New construction starts in March advanced 7 percent to a seasonally adjusted annual rate of $521.4 billion, according to McGraw Hill Construction, a division of McGraw Hill Financial.
Nonresidential building picked up the pace after its lackluster performance at the outset of this year, while nonbuilding construction managed a moderate gain. Meanwhile, residential building settled back as single-family housing remained sluggish. During the first three months of 2014, total construction starts on an unadjusted basis were reported at $107.4 billion, down 2 percent from the same period a year ago.
Highway construction in March increased 26 percent, while bridge construction climbed 45 percent.
“The slow start for construction activity in early 2014 can be attributed to tough winter weather conditions, in combination with the up-and-down pattern that’s frequently been present during the hesitant upturn witnessed over the past two years,” stated Robert A. Murray, chief economist for McGraw Hill Construction. “This is particularly true for nonresidential building, which bounced back sharply in March after depressed activity in January and February, alleviating some concern that its recovery may be stalling. Nonresidential building’s potential for more growth in 2014 is being supported by a rising volume of bank lending directed at commercial real estate development, more energy-related manufacturing projects, and signs that the institutional building sector is finally turning the corner after five years of decline. Nonbuilding construction in 2014 is seeing a less severe pullback for electric utilities compared to last year, although public works is generally proceeding at a slower clip. Residential building so far in 2014 is benefitting from more strength for multifamily housing, yet the loss of momentum for single family housing in the first three months of 2014 stands out relative to the steady gains registered in 2012 and most of 2013.”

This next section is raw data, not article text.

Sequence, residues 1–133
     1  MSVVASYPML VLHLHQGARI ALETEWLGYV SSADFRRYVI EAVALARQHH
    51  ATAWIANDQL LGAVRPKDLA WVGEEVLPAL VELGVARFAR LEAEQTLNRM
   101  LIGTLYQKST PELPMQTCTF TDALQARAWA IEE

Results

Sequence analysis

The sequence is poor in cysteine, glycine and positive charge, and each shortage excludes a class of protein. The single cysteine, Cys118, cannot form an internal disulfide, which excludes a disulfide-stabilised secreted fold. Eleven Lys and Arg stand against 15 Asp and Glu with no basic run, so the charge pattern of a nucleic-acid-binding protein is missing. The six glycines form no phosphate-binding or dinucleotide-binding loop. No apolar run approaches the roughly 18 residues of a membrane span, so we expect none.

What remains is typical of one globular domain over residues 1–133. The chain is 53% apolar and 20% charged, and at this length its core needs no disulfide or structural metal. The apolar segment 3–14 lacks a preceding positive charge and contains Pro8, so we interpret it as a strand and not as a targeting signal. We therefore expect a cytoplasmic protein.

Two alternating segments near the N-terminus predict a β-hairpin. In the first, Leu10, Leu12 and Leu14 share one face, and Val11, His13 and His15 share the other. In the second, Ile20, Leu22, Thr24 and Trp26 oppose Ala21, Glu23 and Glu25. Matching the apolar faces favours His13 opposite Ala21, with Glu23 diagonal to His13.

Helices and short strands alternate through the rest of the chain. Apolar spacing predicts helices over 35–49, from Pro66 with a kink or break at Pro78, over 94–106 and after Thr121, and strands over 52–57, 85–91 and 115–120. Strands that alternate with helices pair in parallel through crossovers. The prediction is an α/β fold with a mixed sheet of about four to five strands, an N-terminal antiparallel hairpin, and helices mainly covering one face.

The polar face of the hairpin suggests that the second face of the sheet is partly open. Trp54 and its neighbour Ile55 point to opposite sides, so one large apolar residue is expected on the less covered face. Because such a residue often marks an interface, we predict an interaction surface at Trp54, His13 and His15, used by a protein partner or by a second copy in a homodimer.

Nonresidential building in March jumped 24 percent to $176.3 billion (annual rate), regaining upward movement after declines in January (down 9 percent) and February (down 7 percent). The often volatile manufacturing plant category provided much of the lift in March, surging 140 percent after a weak February. Large manufacturing facilities that reached groundbreaking in March included these energy-related projects – an
$800 million methanol chemical plant in Texas, a $400 million upgrade to an oil refinery in Minnesota, an $80 million crude oil terminal in New Mexico, and a $56 million biomass-to-gasoline refinery in Louisiana.